The ‘Brexodus’ of Europeans from the UK
Source: US News and World Report, 21 March 2019
Brexit’s uncertainty is pushing many Europeans to leave the U.K., and causing British citizens abroad to reconsider whether to return home.
UTRECHT, NETHERLANDS — Joris Zwart lived in England for 20 years before he decided last year to move his family back to his native Netherlands. The ongoing uncertainty caused by Brexit and the birth of his son had called into question whether their future remained in the United Kingdom.
“We were fairly settled in the U.K. with good jobs and salaries that would be hard to match abroad,” Zwart says. “We had bought a bigger house and English is the one language we all speak, so it was not an easy decision to make. But once we saw the (2016) referendum outcome was leave, we knew it was time to seriously consider our options.”
Zwart isn’t alone.
For European Union nationals living in the United Kingdom and for British citizens living in the rest of the EU, the final pre-Brexit days are ambiguous times. A lack of guarantees about working rights and residential status are pushing many people to pre-emptively move out of the United Kingdom – a Brexit-induced exodus, or “Brexodus.”
A report from the multinational Deloitte in 2017 warned that nearly half of all highly skilled EU workers could leave Britain before 2022. The U.K. Office for National Statistics reported that the number of EU nationals in employment in Britain last year had fallen by the biggest number in more than 20 years.
Meanwhile, neighboring countries like the Netherlands are experiencing the impact of the exodus from the U.K. The number of Dutch nationals moving to the U.K. is at its lowest point since 2009. Although there are still slightly more Dutch annually leaving for Britain than returning, the gap is rapidly narrowing.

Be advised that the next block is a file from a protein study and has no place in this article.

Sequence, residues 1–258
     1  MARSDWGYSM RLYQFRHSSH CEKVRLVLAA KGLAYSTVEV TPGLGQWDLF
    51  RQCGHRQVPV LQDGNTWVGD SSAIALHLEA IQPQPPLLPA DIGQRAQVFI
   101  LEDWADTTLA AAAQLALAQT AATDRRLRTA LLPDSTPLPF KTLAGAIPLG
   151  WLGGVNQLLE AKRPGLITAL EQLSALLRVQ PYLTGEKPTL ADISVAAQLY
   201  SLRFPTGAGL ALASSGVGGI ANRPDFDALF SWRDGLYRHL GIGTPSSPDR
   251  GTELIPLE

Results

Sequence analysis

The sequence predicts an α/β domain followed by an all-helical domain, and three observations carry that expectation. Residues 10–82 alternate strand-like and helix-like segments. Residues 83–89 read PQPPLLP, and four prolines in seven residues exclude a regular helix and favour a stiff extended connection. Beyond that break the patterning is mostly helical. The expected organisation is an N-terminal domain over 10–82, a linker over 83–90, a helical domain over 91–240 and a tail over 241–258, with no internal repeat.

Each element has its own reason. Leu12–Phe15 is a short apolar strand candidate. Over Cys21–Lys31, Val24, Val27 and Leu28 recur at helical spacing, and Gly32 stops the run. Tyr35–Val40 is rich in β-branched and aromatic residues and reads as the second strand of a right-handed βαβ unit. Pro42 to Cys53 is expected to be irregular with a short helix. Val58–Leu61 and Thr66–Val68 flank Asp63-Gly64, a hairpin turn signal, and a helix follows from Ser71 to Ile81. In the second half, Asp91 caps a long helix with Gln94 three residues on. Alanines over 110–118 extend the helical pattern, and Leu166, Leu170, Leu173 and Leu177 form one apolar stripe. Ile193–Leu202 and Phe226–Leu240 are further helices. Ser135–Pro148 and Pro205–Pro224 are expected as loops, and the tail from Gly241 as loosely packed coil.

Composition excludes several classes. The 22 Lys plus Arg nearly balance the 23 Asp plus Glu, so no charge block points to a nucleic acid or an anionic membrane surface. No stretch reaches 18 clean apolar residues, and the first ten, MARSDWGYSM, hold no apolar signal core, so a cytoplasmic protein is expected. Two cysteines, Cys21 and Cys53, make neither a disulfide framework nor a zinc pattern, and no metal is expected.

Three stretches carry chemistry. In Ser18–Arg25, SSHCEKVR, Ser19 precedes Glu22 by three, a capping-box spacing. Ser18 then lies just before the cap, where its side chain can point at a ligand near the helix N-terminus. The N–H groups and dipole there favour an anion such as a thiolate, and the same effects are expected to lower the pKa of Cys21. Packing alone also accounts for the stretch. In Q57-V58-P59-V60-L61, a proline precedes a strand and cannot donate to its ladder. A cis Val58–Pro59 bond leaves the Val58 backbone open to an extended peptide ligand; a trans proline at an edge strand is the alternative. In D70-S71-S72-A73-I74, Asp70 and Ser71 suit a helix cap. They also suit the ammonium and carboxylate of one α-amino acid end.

According to figures from CBS, the Dutch national bureau of statistics, net migration by Dutch nationals to the U.K. has fallen by 56 percent between 2015 and 2017 (the 2015 British general election led to the Brexit referendum in 2016). Statistics for 2018 are yet to be released, but experts predict they may be the lowest yet.
Zwart says the vote had made him feel “less at home” in Britain. “We felt the atmosphere in the country becoming more unpleasant and polarized,” he says. “Before we left, friends in the Netherlands warned me: ‘Are you sure you want to give up all you built up there; we have our issues here, too.’ But after seeing the sheer incompetence of British politicians in recent months, they agree that we made the right decision.”
Zwart managed to get a transfer to the Netherlands with the U.S. company he worked for in London and his partner Sandrine was able to carry her job back to the Netherlands, too. The couple have since bought a house in the southern province of Noord-Brabant, where their son has settled into a Dutch nursery. “In the U.K. we saw our European friends with older kids finding it harder to leave. With our son still to start school, we were glad to be able to get out while we could.”
Brexit’s impact on the mass movement of financial services company assets and staff is well-documented, but the impact on individuals is less obvious. Yet every EU national in Britain and Brit in the EU feels the consequences of the looming departure. They hear of friends and relatives planning to leave; they face potential cuts to EU-funded work or charity projects or have practical questions, such as not knowing if their driving license is valid in their host country next month.